1) It is sad and enraging that these problems are still cold, hard realities.

3 ric   ~  Mar 3, 2011 11:48 am

you'd like to hope that its not issue with racial profiling... each of these instances were police responding to a call by witnesses alleging illegal activity. maybe bryant didnt chose his woman, but im sure he was giving alot of lip if they arrested him after the wife said there was no issue.

as to the gates thing, he wasnt exactly mr. innocent ... for example, "when asked by Crowley to speak with him outside the residence, Gates replied, 'ya, I'll speak with your mama outside.'" if you talk to police like that, they wont cut you any slack no matter how important and prominent of an academic that you claim to be. its very immature and disrespectful.


4 Chyll Will   ~  Mar 3, 2011 12:16 pm

[3] Perhaps, but what if the police treat you with disrespect first? Are you supposed to accept it? And why assume that Bryant gave the police lip in the first place? I've never heard that assumed in other instances.

5 Chyll Will   ~  Mar 3, 2011 12:29 pm

[4] ...except by the police: "resisting arrest". If a police officer acts aggressively towards you and you defend yourself with your mouth, the question would have to be asked: what were you being arrested for in the first place?

I was treated like this in Harlem one day as I was escorting my girlfriend home; two officers confronted me at a bus stop and asked for my ID and questioned me as to why I was there. I cooperated with them quietly. After that, one officer steps closely and growled, "Remember, we're WATCHING you!" That's when I stepped back (regaining my personal space) and derided him for assuming I was doing anything wrong in the first place; also showing him my ID as a registered security officer and a captain of my security squad. I demanded his badge number and he refused, walking away.

Witnesses, including the bus driver who waited until the confrontation was over, said the officer tried to instigate a confrontation and were surprised I wasn't arrested. I didn't give into his baiting, but I let him have a good piece of my mind; no law against that.

6 ric   ~  Mar 3, 2011 12:35 pm

i assume because police normally do not make an arrest if its a big misunderstanding. too much paper work. and how many 14 year olds do you know that care about anyone enough to call 911? it must have been a heated situation they were witnessing. i just hate it when people demonize police. i know many police officers and the crap/people that they have to deal with is unreal. also, i dont think these two examples are a good example of profiling because both altercations came as a result of 911 calls rather than being random. bryants lawyer is talking out of his ass legally.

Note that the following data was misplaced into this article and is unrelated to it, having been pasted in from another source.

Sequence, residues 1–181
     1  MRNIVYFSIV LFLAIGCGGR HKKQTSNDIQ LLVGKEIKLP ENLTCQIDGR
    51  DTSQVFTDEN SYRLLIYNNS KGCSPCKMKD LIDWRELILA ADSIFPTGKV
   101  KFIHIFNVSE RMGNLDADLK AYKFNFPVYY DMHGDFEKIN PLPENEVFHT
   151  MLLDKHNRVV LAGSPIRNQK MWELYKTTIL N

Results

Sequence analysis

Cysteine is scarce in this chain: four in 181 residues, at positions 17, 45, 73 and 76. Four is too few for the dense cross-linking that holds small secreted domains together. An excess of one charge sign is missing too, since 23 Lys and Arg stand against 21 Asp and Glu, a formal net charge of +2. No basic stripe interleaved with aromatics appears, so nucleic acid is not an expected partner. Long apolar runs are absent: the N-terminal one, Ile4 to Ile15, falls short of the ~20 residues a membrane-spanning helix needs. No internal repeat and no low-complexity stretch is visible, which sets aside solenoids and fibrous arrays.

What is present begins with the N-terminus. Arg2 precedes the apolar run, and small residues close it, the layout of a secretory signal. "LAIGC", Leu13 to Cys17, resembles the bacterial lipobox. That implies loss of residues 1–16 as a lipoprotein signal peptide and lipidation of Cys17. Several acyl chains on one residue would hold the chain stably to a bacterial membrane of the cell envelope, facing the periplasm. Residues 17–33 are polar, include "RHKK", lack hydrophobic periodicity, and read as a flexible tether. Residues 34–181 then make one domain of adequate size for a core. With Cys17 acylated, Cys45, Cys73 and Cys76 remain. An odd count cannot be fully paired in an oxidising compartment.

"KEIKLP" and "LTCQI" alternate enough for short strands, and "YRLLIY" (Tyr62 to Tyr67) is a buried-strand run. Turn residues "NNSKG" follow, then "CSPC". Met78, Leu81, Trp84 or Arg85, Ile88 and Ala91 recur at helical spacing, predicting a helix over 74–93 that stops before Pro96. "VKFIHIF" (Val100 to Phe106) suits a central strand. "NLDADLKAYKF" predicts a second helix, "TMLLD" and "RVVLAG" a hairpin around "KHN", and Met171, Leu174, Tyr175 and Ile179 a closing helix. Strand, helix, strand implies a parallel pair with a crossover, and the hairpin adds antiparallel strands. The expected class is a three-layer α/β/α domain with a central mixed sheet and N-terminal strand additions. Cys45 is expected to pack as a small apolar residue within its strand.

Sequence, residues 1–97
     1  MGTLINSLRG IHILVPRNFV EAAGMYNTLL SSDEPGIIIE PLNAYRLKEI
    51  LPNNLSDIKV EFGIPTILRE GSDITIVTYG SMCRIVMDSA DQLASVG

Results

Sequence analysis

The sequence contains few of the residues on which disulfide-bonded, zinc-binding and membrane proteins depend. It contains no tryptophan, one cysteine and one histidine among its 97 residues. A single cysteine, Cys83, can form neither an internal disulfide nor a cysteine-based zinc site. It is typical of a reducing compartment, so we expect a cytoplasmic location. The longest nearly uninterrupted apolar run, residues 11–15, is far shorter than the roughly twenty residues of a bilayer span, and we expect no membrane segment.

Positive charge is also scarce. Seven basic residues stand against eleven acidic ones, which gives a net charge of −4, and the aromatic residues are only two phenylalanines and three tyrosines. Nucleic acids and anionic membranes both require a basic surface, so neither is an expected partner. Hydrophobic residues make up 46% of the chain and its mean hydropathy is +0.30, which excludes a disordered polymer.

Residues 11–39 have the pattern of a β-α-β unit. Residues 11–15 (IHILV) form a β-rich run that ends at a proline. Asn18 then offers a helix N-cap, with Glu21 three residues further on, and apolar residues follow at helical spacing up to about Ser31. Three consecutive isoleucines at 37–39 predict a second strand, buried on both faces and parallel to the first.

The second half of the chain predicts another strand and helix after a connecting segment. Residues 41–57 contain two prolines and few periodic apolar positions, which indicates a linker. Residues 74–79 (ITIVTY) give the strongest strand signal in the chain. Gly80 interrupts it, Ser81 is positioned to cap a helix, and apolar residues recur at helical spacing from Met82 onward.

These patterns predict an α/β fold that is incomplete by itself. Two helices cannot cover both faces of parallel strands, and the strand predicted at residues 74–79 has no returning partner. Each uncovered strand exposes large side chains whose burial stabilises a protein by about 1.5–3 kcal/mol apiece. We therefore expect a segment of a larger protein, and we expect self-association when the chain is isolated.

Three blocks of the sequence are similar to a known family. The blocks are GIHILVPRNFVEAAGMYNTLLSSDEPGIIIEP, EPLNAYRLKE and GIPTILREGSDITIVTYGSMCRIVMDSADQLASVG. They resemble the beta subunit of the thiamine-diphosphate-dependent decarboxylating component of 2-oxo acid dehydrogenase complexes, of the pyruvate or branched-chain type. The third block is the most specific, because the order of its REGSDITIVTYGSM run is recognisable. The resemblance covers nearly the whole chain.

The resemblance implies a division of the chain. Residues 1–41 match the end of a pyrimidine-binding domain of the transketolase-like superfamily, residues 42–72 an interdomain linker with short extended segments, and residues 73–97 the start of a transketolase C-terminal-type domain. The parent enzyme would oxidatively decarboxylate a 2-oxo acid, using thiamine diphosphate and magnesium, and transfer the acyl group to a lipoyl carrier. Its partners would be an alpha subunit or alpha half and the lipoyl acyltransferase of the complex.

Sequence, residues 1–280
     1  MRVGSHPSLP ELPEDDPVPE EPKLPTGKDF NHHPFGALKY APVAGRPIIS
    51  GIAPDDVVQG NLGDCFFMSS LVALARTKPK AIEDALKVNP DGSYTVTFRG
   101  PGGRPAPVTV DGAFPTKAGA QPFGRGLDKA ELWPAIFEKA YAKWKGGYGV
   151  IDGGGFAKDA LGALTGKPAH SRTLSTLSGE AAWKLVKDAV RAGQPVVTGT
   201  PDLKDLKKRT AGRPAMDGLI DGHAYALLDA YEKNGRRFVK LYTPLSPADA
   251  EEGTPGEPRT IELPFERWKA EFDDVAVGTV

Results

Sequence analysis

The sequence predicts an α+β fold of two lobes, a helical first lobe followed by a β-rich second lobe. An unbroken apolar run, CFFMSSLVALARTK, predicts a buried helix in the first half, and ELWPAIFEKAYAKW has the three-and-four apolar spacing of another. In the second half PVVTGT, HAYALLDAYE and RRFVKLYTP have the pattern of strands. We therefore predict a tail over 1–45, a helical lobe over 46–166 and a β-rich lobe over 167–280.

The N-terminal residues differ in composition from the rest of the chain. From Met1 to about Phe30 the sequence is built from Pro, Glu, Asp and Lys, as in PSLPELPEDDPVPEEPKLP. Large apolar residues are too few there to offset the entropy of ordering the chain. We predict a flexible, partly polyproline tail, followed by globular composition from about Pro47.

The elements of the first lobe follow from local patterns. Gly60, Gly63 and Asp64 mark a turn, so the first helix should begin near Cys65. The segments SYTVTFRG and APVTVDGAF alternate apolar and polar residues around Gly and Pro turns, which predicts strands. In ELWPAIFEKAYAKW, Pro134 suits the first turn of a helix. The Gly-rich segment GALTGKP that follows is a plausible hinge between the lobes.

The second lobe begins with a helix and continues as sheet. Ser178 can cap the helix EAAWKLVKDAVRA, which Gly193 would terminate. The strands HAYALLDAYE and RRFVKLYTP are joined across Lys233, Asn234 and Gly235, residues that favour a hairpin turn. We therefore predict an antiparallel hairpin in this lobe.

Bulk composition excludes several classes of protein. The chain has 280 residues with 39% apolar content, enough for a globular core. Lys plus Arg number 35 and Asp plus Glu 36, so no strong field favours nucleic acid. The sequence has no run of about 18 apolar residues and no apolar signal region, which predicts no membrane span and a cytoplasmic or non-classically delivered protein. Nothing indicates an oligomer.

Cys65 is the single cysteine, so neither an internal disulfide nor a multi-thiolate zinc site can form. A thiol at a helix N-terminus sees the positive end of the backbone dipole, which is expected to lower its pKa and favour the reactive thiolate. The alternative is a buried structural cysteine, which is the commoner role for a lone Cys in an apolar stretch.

7 Chyll Will   ~  Mar 3, 2011 12:46 pm

So are the police. In many instances, complaints about police misconduct have been ignored or unresolved. It's not safe to assume which one is right or wrong in this situation, so let's see how it plays out. But from my personal experience, which includes having law enforcement officers in my family who have also experienced police aggressiveness towards them personally and not based on assumptions, I'm inclined to believe Bryant and his wife. I never thought question police tactics was demonizing them, as I have otherwise had fairly good dealings with law enforcement officers in general, but in particular areas where the instances have been unpleasant for me and more than a few people who report similar instances (and in some cases justified by the local law enforcement) , I tend to assume that there is a problem beyond a misunderstanding.

8 The Hawk   ~  Mar 3, 2011 1:03 pm

Even if someone calls the police, what the cops do when they get there can be a result of bias.

I have to dismiss the old "police have to deal with a lot of crap" argument. How in the world is that germaine? Anyway police do the wrong thing at times, just like anyone else and their job is tough and also important. That's why they should be cut very little slack when it comes to abuses, whatever the circumstances. They have too much power to be allowed to operate with any real wiggle room.

9 The Mick536   ~  Mar 3, 2011 1:19 pm

All your biases are showing through here. No such thing as truth in these cases, unless there is a video, and even then, people will lie, distort, and fantabulize.

The problem with domestic violence cases, expecially ones on the street, is that people see what they want to see and report it to the police who respond and don't want to make a decision that will end their careers, like it did mine, so they don't listen to the alleged aggressor's side of the story before interfering with the person's freedom.

These cases unfold so rapidly that the cops take no chances that they or the alleged other party get injured. Previously, before the policies changed, lots of cops got hurt in these situations. So reason doesn't prevail; no right or wrong; no ethnic or racial bias (although who can tell).